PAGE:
The near absence of diseases in pre-Columbian America can be more convincingly attributed to the paucity of domesticated mammals.  Most of the microbes that caused the Old World diseases seem to have originally infected animals, and then shifted to human hosts.  Thus, smallpox was evidently derived from cowpox, measles from rinderpest, and influenza from a disease that affects pigs (McNeill 1976). 8  For the same reasons that endemic human diseases require large, dense populations, microbes more often afflict herd animals than the more solitary species.  As we have seen, the people of Mesoamerica never domesticated any herd animals.  They did, of course, have the dog; but the dog, which lived in small packs in the wild, was not the primary host for diseases that would attack humans.  This explanation therefore seems to be valid for Mexico, but it does not account very well for the Peruvian case.  In Peru, llama herding seems to have been practiced by 2000 b.c., and possibly began as early as 4000 b.c.; the raising of guinea pigs may be of comparable antiquity.  So not only was there a long period during which the ancient Peruvians maintained close contact with large camelid herds, but they also kept domesticated rodents in their dwellings.  In the Old World, of course, the dreaded bubonic plague was transmitted by fleas from rodents to humans.  If we hope to explain the absence of infectious disease in the native human population of Peru, we must first ask why the domesticated animals did not suffer from diseases similar to those that afflicted their Old World counterparts.  Unfortunately, no one has come up with a very good answer to this question.

We can only speculate about the possible outcome of the confrontation between the Old and New Worlds, had disease not played so crucial a role.  Might the highly-organized Incas, and the less efficient but equally fierce Aztecs, have successfully resisted the European invasion?  Japan was never subjugated by the Europeans, and although China and India fell under Western domination for a century or two, the colonizers were ultimately driven out.  Similarly, white colonists were ultimately forced to cede most of Africa to the native populations, retaining only the southern tip of the continent.  In contrast, only tiny remnants of the native population survived the wave of European colonization that swept over North America and much of South America.  In the nuclear zone, a few million native people were left alive when the epidemics subsided.  They abandoned the gods who had failed them in their time of need, and adopted the god of the Catholic priests.  Unable to offer effective resistance, they generally resigned themselves to political domination and economic exploitation, although rebellions against the Spanish elite did flare up from time to time.  Although the native ideologies and political systems were obliterated by the conquest, many aspects of aboriginal culture, including some of the ancient languages, persisted among the rural villagers.  After centuries of dominance, Hispanic culture has become so firmly entrenched, and the commingling of the native and alien races has proceeded so far, that full restoration of the indigenous traditions is impossible.  Nevertheless, there has been a recent resurgence of interest and pride in the achievements of the Indian ancestors.  This trend was nicely exemplified by the decision to demolish several seventeenth- and eighteenth-century buildings in the heart of Mexico City, in order that the central pyramid of Tenochtitlan might be excavated and restored.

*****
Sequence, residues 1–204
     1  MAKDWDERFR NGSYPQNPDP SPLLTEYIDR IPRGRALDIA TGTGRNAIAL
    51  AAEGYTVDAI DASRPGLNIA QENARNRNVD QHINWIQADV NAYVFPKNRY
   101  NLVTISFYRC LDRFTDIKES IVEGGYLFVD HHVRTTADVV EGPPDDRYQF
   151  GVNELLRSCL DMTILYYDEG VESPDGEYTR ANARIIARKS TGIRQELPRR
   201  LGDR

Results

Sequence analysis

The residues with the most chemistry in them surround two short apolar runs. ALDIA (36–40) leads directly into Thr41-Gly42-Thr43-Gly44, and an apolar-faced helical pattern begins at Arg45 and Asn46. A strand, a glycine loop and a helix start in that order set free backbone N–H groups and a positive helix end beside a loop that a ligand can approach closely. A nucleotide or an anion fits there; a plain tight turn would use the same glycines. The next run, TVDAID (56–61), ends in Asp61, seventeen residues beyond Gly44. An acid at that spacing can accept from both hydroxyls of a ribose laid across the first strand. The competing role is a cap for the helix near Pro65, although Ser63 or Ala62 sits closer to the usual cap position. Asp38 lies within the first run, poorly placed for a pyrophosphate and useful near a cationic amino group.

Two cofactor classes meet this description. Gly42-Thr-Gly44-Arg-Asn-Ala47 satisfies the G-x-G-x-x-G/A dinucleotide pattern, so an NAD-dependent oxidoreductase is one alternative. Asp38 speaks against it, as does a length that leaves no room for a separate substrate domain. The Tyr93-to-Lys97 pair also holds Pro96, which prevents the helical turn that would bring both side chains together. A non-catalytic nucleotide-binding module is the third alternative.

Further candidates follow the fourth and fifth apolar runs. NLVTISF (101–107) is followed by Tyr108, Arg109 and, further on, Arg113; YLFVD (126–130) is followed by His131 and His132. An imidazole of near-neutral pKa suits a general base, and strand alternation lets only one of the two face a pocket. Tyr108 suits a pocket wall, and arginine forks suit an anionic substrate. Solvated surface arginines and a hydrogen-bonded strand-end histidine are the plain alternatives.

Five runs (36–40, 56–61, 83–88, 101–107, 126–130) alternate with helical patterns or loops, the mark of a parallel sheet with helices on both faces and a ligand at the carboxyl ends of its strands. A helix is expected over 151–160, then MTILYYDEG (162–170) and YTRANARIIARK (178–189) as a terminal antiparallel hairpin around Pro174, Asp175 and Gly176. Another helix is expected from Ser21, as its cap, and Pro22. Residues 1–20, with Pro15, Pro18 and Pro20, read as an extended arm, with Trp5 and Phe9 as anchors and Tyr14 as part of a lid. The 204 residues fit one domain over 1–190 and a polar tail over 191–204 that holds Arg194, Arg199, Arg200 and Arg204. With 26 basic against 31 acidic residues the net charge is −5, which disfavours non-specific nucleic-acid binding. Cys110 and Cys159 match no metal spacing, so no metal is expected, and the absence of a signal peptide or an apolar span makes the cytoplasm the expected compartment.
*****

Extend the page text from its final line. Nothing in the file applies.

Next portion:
1 Stuart J. Fiedel, Prehistory of the Americas, Second Edition, 1992, Cambridge University Press, Cambridge; pp. 362-366.

2 “[A]ncient Native Americans were not ignorant of the principle of the wheel.  Toy ceramic dogs, mounted on four wheels, have been found in Mexico, near Veracruz.”  Figure 55: “Dog figurine on wheels, Veracruz, Mexico, Classic period.”  Fiedel, op. cit., pp. 182-183.

3 J. Muller, Archaeology of the Lower Ohio Valley, 1986, Academic Press, New York.

4 Bernal Diaz, The history of the conquest of New Spain, translated by A. P. Maudsley, 1963, Pelican, Baltimore.

5 P. M. Ashburn, The ranks of death: a medical history of the conquest of America, 1947, Coward-McCann, New York.

6 W. M. Denevan, ed., The native population of the Americas in 1492, 1976, University of Wisconsin Press, Madison.

7 W. H. McNeill, Plagues and peoples, 1976, Anchor Press, Garden City, New York.

8 McNeill, op. cit.